Dem Funding “Giveaway” Clears Senate Over GOP Opposition

April 18, 2013
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Many of those who would qualify for the credit don’t pay state income taxes

DENVER–Republicans love tax credits, just not when they go to people who don’t pay taxes.

That’s one reason Senate Democrats approved Wednesday the Colorado Working Families Economic Opportunity Act with no Republican support. During debate, Republicans said Senate Bill 1 essentially amounted to a $100 million government handout.

“Once you have reduced your tax liability to zero, you’ll be eligible to receive a direct check from the state,” said Senate Minority Leader Bill Cadman (R-Colo. Springs) during floor debate. “That’s a subsidy. That’s a giveaway.”

The bill would make permanent the Colorado refundable earned-income tax credit as a percentage of the federal EITC and create a state child-tax credit. As many as 370,000 Colorado workers would qualify for the refunds, which would cost $40 million in Fiscal Year 2013-14 and rise to $104 million two years later.

State Rep. John Kefalas (D-Fort Collins) said the measure would provide badly needed financial assistance and relief to the state’s lowest earners. To qualify, residents must hold a job, which would help move families “off cash assistance programs and into the workplace,” he said.

“SB 1, I believe, is an effective tool to help working families make ends meet, to address child poverty and to put dollars into our local economy,” said Kefalas. “The child tax credit and earned income tax credit are designed to encourage and reward work.”

But Republicans said the bill has two unresolved problems: One, the measure would deplete the general fund at a time when the state is slicing higher education and K-12 funding, and two, about two-thirds of those who would qualify for the credit don’t pay state income taxes.

State Sen. Kevin Lundberg (R-Berthoud) called the bill a “redistribution of wealth scheme” and pointed out that the measure applies to Colorado residents, not citizens, meaning that illegal immigrants would also qualify.

“The term ‘tax credit’ is used quite a bit with this bill, but it’s a refundable tax credit,” said Lundberg. “A refundable tax credit is not a tax credit if it’s being refunded despite their being no tax owed. And that’s what this bill does.”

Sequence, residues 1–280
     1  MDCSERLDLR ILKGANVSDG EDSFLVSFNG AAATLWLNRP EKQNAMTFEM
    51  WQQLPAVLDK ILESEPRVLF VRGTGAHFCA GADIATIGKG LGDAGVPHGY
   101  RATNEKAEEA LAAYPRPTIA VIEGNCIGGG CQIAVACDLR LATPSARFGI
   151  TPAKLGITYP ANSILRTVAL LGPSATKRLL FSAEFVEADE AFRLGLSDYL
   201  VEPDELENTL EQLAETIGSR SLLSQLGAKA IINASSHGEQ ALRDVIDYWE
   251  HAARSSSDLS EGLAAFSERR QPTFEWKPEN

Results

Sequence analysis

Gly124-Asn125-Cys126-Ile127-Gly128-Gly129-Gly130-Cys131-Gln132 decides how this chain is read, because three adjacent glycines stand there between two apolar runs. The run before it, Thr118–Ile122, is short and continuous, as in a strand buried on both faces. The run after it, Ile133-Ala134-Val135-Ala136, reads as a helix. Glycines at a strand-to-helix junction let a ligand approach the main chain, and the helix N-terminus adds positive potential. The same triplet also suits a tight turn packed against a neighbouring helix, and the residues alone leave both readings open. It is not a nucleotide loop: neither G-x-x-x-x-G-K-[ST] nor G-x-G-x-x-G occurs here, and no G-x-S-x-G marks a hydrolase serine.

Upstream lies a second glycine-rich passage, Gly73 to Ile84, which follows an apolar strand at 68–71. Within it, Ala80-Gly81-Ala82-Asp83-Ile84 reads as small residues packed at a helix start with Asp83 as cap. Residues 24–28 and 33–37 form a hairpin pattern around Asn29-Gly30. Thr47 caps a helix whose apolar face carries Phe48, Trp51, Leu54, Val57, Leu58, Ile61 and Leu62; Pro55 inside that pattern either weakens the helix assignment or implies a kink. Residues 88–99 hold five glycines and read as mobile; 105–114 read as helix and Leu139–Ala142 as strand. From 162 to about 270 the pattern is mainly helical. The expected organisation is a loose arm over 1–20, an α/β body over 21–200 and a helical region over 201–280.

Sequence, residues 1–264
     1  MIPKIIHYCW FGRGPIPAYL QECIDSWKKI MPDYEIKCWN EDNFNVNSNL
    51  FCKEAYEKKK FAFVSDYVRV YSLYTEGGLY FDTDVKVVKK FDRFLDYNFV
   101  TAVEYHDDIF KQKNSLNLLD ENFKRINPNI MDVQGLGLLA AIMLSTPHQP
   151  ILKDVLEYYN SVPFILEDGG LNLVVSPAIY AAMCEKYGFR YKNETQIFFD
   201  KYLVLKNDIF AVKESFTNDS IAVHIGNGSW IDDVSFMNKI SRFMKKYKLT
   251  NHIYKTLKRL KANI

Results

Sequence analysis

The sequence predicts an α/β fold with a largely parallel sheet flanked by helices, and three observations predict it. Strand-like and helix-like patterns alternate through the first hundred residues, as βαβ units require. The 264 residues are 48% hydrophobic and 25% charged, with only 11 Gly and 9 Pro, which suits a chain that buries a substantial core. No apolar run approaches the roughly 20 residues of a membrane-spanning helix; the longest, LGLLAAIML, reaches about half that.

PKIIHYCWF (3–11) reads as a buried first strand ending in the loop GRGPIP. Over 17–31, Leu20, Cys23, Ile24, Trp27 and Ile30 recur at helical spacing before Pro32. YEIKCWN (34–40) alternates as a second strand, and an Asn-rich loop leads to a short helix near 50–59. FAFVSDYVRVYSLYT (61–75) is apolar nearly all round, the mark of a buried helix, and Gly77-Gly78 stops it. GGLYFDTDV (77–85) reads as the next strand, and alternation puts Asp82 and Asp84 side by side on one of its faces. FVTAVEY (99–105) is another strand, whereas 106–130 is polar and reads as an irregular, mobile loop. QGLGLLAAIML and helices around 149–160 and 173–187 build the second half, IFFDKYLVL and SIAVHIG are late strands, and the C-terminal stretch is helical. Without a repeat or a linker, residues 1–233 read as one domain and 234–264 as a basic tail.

Not all the opposition comes from the right. The Denver Post ran an editorial after the Senate vote Wednesday urging the House to defeat the bill.

“Times are still tough for working-class and middle-income families. No one questions that. Yet we can’t get past the argument that the state has more pressing priorities, such as keeping college affordable,” said the editorial.

Republicans expressed surprise Wednesday at the relative silence from education lobbyists, despite the bill’s apparent threat to K-12 and university funding.

“I want to ask my colleagues on this side of the aisle, where are the education advocates standing up for education when another $100 million is snatched from the children of Colorado from a new program?” said state Sen. Greg Brophy (D-Wray).

The answer may lie with another bill, Senate Bill 213, which would ask Colorado voters in November for a $1 billion tax increase for K-12 education. That measure, which has already passed the Senate, is awaiting a vote on the House floor after receiving the approval of the House Education Committee.

Quipped state Sen. Ted Harvey (R-Highlands Ranch), “I guess we’ll have to go do a $1 billion tax increase and ask the voters to fund these extra programs.”

Senate Bill 1 utilizes the refund mechanism in the state’s Taxpayer Bill of Rights. Under TABOR, the refund only kicks in when the state runs a surplus, but S.B. 1 would make the refund a permanent budgetary fixture.

In the long run, Kefalas said the program would improve the state’s financial picture by helping residents break the cycle of poverty.

“What we are attempting to do here will actually save the state money because more people will be able to lift themselves out of poverty,” said Kefalas.

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